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The Church (Christ's Body), and the churches of God: This dispensation of grace is essentially a "church" dispensation, and In the writings of Paul the word "church" is of frequent occurrence. Before we start dealing with these two uses of the word "church", let us state that they have come into being on the ground of the death of Christ. Thus we read of the Church which is Christ's Body.

"The husband is the head of the wife, as Christ also is the Head

of the Church... Husbands, love your wives even as Christ also loved the Church, and gave Himself up for it; that He might sanctify it having cleansed it by the washing of water with the word" (Ephesians 5.23-26).

And of the church of God in Ephesus we read in Acts 20.28:

"Take heed unto yourselves (the elders), and to all the flock, in the which the Holy Spirit hath made you overseers, to feed the church of God, which He purchased [Gk. acquired, R.V. marg.] with His own blood".

The word "church" means that which is called out, so that the existence of a church implies a call which is responded to. Those who respond to this call become members of the Body of Christ. This is what we may describe as the Gospel call, We read of it in Romans 8.30: "Whom He foreordained, them He also called: and whom He called, them He also justified: and whom He justified them He also glorified." The foreordination of saints and their glorification are facts pertaining to eternity, and their calling and justification pertain to events in time. It is a glorious mental vision to contemplate this being foreordained, called, justified and glorified. This calling is referred to by Paul in 1 Corinthians 1.24 when he says, "unto them that are called, both Jews and Greeks, Christ the power of God, and the wisdom of God".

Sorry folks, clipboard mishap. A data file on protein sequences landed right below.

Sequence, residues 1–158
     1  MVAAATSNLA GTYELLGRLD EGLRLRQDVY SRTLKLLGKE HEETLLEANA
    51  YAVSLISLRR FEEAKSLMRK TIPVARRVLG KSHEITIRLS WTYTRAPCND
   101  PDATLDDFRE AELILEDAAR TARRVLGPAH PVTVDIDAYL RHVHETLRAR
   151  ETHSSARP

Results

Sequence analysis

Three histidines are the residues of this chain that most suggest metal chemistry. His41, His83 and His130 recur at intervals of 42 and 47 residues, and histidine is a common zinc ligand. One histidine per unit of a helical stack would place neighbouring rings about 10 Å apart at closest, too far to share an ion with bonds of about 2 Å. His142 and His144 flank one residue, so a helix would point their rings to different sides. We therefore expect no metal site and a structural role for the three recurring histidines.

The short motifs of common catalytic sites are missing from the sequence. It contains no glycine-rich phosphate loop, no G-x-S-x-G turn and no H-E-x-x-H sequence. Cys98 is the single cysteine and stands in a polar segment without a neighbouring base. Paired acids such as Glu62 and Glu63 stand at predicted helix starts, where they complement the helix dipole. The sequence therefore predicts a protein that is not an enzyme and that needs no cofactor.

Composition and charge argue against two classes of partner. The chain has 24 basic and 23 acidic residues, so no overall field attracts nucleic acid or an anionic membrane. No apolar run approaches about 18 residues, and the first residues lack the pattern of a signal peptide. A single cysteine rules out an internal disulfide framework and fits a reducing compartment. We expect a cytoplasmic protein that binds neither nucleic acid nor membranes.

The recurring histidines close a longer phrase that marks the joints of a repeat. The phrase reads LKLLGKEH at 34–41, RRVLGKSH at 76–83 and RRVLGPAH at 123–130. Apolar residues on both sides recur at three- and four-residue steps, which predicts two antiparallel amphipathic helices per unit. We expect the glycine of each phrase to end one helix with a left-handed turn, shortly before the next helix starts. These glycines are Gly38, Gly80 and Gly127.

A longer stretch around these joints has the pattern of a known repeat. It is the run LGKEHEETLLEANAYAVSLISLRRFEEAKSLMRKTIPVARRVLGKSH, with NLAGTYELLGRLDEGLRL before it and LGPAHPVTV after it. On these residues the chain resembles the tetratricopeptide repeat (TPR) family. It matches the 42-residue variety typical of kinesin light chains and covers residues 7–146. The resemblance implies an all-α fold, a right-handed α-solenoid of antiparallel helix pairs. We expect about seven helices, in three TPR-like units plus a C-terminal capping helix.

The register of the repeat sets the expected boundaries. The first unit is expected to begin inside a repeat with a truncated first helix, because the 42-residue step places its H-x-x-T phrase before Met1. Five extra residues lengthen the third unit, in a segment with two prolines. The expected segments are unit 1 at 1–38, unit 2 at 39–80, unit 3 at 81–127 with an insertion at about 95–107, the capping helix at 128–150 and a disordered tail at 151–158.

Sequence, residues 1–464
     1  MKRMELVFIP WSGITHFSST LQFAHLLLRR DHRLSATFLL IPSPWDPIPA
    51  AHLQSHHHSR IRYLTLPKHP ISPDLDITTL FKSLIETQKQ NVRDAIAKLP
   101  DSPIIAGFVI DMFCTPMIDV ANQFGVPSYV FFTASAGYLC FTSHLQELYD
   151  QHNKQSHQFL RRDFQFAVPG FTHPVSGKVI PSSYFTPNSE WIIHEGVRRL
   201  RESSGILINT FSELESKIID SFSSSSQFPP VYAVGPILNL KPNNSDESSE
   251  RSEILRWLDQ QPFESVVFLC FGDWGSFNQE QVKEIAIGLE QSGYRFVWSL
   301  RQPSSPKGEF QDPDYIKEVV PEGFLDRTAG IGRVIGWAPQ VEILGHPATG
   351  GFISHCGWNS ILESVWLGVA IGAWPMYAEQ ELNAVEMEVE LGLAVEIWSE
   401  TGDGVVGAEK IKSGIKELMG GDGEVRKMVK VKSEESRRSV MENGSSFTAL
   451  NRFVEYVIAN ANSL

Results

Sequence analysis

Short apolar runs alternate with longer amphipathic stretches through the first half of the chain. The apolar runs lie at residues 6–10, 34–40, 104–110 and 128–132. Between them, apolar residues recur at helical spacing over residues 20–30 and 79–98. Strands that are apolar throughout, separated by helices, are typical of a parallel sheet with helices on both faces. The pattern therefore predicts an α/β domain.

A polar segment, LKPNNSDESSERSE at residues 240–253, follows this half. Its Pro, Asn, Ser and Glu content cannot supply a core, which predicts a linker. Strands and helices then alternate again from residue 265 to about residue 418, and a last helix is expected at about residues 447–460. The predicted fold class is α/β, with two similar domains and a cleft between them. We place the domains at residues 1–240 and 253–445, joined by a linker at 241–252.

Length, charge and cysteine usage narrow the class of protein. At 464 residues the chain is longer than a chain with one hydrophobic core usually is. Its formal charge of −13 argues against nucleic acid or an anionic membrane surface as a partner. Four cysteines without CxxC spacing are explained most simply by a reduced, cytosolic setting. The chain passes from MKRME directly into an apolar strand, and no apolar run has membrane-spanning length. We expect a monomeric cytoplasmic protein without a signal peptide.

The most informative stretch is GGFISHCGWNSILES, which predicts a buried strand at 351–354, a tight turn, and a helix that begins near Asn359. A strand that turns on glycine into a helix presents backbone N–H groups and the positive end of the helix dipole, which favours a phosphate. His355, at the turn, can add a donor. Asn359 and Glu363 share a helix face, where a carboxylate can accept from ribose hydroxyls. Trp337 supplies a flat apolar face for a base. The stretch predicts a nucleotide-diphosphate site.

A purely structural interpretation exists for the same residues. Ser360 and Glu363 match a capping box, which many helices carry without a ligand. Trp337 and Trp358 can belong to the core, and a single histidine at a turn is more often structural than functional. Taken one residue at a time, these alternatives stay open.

We come now to the matter of the church (and churches) of God. The word "church" is used by the Lord only twice in the Gospels; these are found in Matthew 16.18, and Matthew 18.17. In the former scripture, the Lord is seen as the builder of what He calls "My Church", building it upon the Rock (He Petra), the Lord Himself. The new name given by the Lord to Simon was Cephas, the Greek translation of which is Petros, Peter, and it is ever the surname of that apostle. Petros is a masculine word, the name of a man, whereas Petra is a feminine word which describes the character of the Lord (1 Corinthians 10.4). Sin can never enter the Church of Matthew 16, for the gates of Hades (of Hell) cannot prevail against it. But sin can enter the church of Matthew 18, for one brother may sin against another, and the sinning brother may refuse all attempts made to bring about confession, forgiveness and reconciliation and even the words of the church may be refused, which leads to his being given the outside place of the Gentile and the publican. Other kinds of sin may also find a place in a church of the kind of Matthew 18, such as immoral conduct, and blasphemy and heresy (1 Corinthians 5.1-13; 6.9,10; 1 Timothy 1.18-20; Titus 3.10,11).

The first church of God was that in Jerusalem, then somewhat later we find the churches of God in Judea (Acts 8.1; 1 Corinthians 15.9; Galatians 1.13). Churches of God were also found, not only in Judea, but also in Galilee and Samaria (Acts 9.31). Then we have the church in Antioch in Syria (Acts 11.20-26). Later we have the churches in Galatia (Galatians 1.1,2). Then we have the churches of Macedonia (2 Corinthians 8.1). Then we have the churches in Achaia (2 Corinthians 1.1), two of which were in Corinth and Cenchrae (Romans 16.1). In I Corinthians 16.19 we have the churches of Asia. These are some of the churches of God that we read of in the New Testament.

What was characteristic of the first church of God in Jerusalem must be that which is true of all churches of God. They (1) received the word, and (2) were baptized, and (3) were added to those already together. Then they continued stedfastly in (4) the apostles' teaching, and in (S) the fellowship, in (6) the breaking of the bread and (7) the prayers

(Acts 2.41,42).